Walter Pater was another of those discreet spirits who, like Gray, “never speak out.” He was cautious, reserved, and shy in his relations even with his friends; he seemed to possess no medium through which to approach them very closely. An extremely affectionate disposition took the place of expansiveness, and the young people who in later years gathered around him mistook the one ior the other. Each found in Pater what he brought; each saw in that patient, courteous, indulgent mirror a pleasant reflection of himself. The inaccessibility of Pater is another of those fables which have to be destroyed; no one was less a hermit, no one was more easily amused or better pleased to bid a congenial companion welcome. He was an assiduous host, a gracious listener; but who could tell what was passing behind those half-shut, dark-grey eyes, that courteous and gentle mask ? He liked the human race, one is inclined to say, liked its noise and neighbourhood, if it were neither too loud nor too near, but his faith in it was never positive, nor would he trust it to read his secret thoughts.
I have already suggested his likeness to Renan in the attitude of his mind. The great Frenchman has described, in his autobiography, the tendency which led him to refrain from opposition and argument, and to bow the head in the conversational house of Rimmon. Walter Pater had these concessions, mere escapes of the soul from undue pressure, and he had, too, quite unconsciously, some of the very tricks of speech of Renan—especially the “no doubt” that answered to the Frenchman’s incessant “n’en doutez pas.” With natures like his, in which the tide of physical spirits runs low, in which the vitality is lukewarm, the first idea in the presence of anything too vivacious is retreat, and the most obvious form of social retreat is what we call “affectation.” It is not to be denied that, in the old days, Pater, startled by strangers, was apt to seem affected: he retreated as into a fortress, and enclosed himself in a sort of solemn effeminacy. It was, at its worst, mild in comparison with what the masters of preposterous behaviour have since accustomed us to, but it reminded one too much of Mr. Rose. It was put on entirely for the benefit of strangers, and to his inner circle of friends it seemed like a joke. Perhaps in some measure it was a joke; no one could ever quite tell whether Pater’s strange rictus was closer to laughter or to tears.
A nature so enclosed as his, so little capable of opening its doors to others, must have some outlet of relief. Pater found his outlet in a sort of delicate, secret playfulness. There are animals which sit all day immovable and humped up among the riot of their fellows, and which, when all the rest of the menagerie is asleep, steal out upon their slip of greensward and play the wildest pranks in the light of the moon. Pater has often reminded me of some such armadillo or wombat. That childishness which is the sign-manual of genius used to come out in the oddest way when he was perfectly at home. Those who think of him as a solemn pundit of aesthetics may be amazed to know that he delighted in very simple and farcical spectacles and in the broadest of humour. His favourite among modern playwrights was Mr. Pinero, and I shall never forget going with him to see The Magistrate, when that piece was originally produced. Not a schoolboy in the house was more convulsed with laughter, more enchanted at the romping “business “of the play, than the author of Marius. He had the gift, when I knew him first, of inventing little farcical dialogues, into which he introduced his contemporaries; in these the Rector of Lincoln generally figured, and Pater had a rare art of imitating Pattison’s speech and peevish intonation. One playful fancy, persisted in so long that even close and old friends were deceived by it, was the figment of a group of relations—Uncle Capsicum and Uncle Guava, Aunt Fancy (who fainted when the word “leg” was mentioned), and Aunt Tart (for whom no acceptable present could ever be found). These shadowy personages had been talked about for so many years that at last, I verily believe, Pater had almost persuaded himself of their existence. Perhaps these little touches will be thought too trifling to be mentioned, but I hold that they were all a part and parcel of his complex and shrouded intellectual life, and therefore not to be forgotten.
He had great sweetness and uniformity of temper, and almost the only thing that ever ruffled him was a reference to an act of vandalism committed at Brasenose while he was on the governing body. The college had a group, called “Cain and Abel,” cast in lead, a genuine work by John of Bologna. For some reason or other this was thought inconvenient, and was sold for old lead, a somewhat barbarous proceeding. Pater, from indolence, or else from indifference to late Italian sculpture, did not stir a finger to prevent this desecration, and in later years a perfectly unfailing mode of rousing him would be to say, artlessly, “Was there not once a group by John of Bologna in the college?” However sunken in reverie, however dreamily detached, Pater would sit up in a moment, and say, with great acidity, “It was totally devoid of merit, no doubt.”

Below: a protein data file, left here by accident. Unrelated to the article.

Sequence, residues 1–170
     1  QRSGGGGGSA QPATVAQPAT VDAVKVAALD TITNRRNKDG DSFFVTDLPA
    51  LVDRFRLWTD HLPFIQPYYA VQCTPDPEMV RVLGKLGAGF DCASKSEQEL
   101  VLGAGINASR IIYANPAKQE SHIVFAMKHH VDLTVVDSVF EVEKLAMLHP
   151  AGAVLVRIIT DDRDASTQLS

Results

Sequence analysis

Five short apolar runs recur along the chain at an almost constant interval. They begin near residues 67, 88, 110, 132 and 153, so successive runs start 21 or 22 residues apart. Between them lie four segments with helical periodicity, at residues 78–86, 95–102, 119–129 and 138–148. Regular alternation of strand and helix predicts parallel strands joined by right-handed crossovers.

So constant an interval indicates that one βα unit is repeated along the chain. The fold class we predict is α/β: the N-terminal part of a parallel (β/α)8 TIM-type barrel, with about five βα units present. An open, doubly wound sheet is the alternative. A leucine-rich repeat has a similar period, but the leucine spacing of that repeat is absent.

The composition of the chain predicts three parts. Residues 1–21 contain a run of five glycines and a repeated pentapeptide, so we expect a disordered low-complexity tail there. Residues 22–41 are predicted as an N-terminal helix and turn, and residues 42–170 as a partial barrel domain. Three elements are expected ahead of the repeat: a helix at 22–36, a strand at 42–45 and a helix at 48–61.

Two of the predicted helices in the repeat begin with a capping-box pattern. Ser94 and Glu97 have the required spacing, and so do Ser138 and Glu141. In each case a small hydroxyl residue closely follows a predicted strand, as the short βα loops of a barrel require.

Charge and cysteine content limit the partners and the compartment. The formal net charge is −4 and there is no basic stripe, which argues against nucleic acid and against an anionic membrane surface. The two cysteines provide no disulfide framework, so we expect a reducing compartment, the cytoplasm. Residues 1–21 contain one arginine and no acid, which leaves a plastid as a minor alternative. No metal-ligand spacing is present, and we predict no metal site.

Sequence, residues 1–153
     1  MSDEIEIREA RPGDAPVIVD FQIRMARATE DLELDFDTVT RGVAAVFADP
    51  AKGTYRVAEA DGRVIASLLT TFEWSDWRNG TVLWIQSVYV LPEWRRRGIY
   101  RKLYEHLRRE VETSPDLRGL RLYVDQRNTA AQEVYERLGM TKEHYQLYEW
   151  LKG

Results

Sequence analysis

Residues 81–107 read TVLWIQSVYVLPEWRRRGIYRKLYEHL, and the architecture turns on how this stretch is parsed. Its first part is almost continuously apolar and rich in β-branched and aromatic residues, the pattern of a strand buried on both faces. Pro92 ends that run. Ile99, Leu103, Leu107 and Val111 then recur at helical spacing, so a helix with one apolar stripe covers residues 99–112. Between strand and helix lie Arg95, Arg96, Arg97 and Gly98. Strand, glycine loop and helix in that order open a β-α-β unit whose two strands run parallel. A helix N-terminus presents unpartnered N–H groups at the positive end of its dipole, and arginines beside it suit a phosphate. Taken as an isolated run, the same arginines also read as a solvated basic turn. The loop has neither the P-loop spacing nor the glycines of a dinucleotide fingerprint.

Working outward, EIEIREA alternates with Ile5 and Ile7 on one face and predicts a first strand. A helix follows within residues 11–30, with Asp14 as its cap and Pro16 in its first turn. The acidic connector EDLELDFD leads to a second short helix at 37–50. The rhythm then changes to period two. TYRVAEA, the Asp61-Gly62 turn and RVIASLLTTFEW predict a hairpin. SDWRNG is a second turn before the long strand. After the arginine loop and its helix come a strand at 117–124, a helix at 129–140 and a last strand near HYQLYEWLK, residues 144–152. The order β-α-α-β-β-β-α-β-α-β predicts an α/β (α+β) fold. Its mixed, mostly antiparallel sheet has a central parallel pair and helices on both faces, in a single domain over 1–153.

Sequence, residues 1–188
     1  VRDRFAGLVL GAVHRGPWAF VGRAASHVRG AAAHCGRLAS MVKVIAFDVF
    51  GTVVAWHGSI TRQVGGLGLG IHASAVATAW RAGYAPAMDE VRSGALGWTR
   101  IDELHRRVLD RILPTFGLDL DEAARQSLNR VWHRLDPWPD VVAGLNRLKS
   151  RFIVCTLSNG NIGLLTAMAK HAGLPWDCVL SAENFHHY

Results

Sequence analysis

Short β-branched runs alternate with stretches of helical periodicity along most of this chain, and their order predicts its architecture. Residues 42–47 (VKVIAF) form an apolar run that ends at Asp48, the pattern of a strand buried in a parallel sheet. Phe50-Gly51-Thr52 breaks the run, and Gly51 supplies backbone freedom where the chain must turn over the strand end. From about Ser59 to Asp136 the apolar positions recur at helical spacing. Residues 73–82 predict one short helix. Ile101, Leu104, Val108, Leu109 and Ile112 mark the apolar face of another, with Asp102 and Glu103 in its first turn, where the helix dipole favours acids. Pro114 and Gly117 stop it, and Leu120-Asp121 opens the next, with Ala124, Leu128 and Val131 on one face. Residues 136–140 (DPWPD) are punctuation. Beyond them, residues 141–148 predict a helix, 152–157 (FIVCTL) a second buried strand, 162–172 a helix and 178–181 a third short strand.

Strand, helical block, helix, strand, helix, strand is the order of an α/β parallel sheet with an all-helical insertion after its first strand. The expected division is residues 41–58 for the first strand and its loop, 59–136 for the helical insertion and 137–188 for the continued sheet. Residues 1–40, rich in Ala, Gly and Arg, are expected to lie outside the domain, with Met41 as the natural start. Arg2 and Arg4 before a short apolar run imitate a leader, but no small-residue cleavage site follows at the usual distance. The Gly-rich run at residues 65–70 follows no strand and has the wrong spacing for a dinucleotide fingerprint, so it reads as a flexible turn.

Pater showed much tact and good sense in his attitude towards the college life. He lectured rarely, I believe, in later years; in the old days he was an assiduous tutor. His temperament, it is true, sometimes made it difficult to work with him. On one occasion, at the examination for scholarships, he undertook to look over the English essays; when the examiners met to compare marks, Pater had none. He explained, with languor, “They did not much impress me.” As something had to be done, he was asked to endeavour to recall such impressions as he had formed; to stimulate his memory, the names were read out in alphabetical order. Pater shook his head mournfully as each was pronounced, murmuring dreamily, “I do not recall him,” “He did not strike me,” and so on. At last the reader came to the name of Sanctuary, on which Pater’s face lit up, and he said, “Yes; I remember; I liked his name.”
My friend, Dr. Henry Jackson, gives me an anecdote which illustrates a more practical side to his character. In 1870, having just begun to lecture at Trinity, our Cambridge Platonist found himself seated next Pater at dinner in Brasenose. He said to him: “I believe you lecture constantly on The Republic. How do you get through it in time? It seems as though lecturing three times a week for three terms, it would be impossible to deal adequately within a year with all the problems and the fallacies.” “Oh! “said Pater, “I always begin by telling them that Socrates is not such a fool as he seems, and we get through nicely in two terms.” He grew more and more inclined to take an indulgent view of the young people. A year or two ago, I remember his saying, when somebody asked him whether the horse-play of the undergraduates did not disturb him, “Oh! no; I rather enjoy it. They are like playful young tigers, that have been fed.” He was not a “progressive”; our friend the Bishop of Peterborough recalls a serious discussion in common-room at Brasenose, on the burning subject of university reform. Pater interposed in the thick of the fray with the somewhat disconcerting remark, “I do not know what your object is. At present the undergraduate is a child of nature; he grows up like a wild rose in a country lane; you want to turn him into a turnip, rob him of all grace, and plant him out in rows.” And his remark, concerning bonfires in the quad, that they lighted up the spire of St. Mary’s so beautifully, will long be remembered.
The perennial conflict in his members, between his exquisite instinct for corporeal beauty on the one hand and his tendency to ecclesiastical symbol and theological dogma on the other, is the secret, I think, of what made the character of Pater so difficult for others to elucidate, in some measure also so painful and confusing for himself. He was not all for Apollo, nor all for Christ, but each deity swayed in him, and neither had that perfect homage that brings peace behind it. As Alphonse Daudet says of some thinker, “Son cerveau était une cathédrale désaffectée,” and when he tried, as he bade us try, “to burn always with the hard, gem-like flame” of aesthetic observation, the flame of another altar mingled with the fire and darkened it. Not easily or surely shall we divine the workings of a brain and a conscience scarcely less complex, less fantastic, less enigmatical, than the face of Mona Lisa herself. Pater, as a human being, illustrated by no letters, by no diaries, by no impulsive unburdenings of himself to associates, will grow more and more shadowy. But it has seemed well to preserve, while still they are attainable, some of the external facts about a writer whose polished and concentrated work has already become part of the classic literature of England, and who will be remembered among the writers of this age when all but a few are forgotten.